The first cliques most of us encountered were in school, where the cool kids hung around in one bunch, the jocks in another, and so on. I pronounced it “clicks” for years and then someone told me it’s “cleeks.” Whichever way you say it, cliques are small groups that gravitate together because they share attitudes, interests, and personalities. For members of a clique, there is the social benefit of being insiders, which means outsiders are ignored, excluded, and even shunned.
One type of work clique is formed when productive people seek out other productive people to work with because they are tired of having to work with the posers, careerists, and lazy people someone else invited. Cliques will be much more likely to form in offices when workers are there for only two or three days a week. Clique members will agree to be in the building the same days so they can work together, leaving outsiders to fill in the rest of the days.
It’s time for a hybrid office.
The assumption that (those who were once called) office workers have to be in the same building every day has gone out the window after more than a year of working remotely. What many businesses want to put in place is a hybrid work style that has people working some days at home and some in the office.
Four days working at the office and one day at home isn’t much of a hybrid and neither is four at home and one at the office. That leaves having all workers come to the office either two or three times a week.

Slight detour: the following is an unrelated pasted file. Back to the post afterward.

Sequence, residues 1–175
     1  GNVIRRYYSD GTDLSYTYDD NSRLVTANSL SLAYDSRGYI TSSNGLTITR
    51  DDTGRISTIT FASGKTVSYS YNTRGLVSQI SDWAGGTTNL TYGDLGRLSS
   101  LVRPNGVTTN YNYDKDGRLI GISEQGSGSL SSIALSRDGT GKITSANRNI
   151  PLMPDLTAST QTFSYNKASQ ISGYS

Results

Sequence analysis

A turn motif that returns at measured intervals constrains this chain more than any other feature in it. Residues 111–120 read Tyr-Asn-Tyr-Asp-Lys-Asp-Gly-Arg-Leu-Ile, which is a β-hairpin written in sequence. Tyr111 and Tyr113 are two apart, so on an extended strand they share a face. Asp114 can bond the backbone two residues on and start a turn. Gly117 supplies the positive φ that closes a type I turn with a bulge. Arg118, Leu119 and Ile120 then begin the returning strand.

OurCo’s grand experiment.
Like most companies, OurCo has HR and Customer Service functions. OurCo designs, builds, and sells consumer products and services, so they have research, engineering, product development, distribution, sales, media, legal, and marketing departments, too.
OurCo will begin their experiment by having employees come to the office three days a week and work from home the other two. Later they may find they need more people here some days and others less, but to get the ball rolling, everyone will work three days.
They don’t want every employee in the building the same three days and have the building empty the other two, so they’re going to need a schedule. Like most businesses, they never thought much about scheduling. At OurCo, they’ve always had one schedule for everyone. Employees marched in Monday morning and marched out Monday night. They did this every day until TGIF, when someone closed the office for the weekend after everyone had gone home.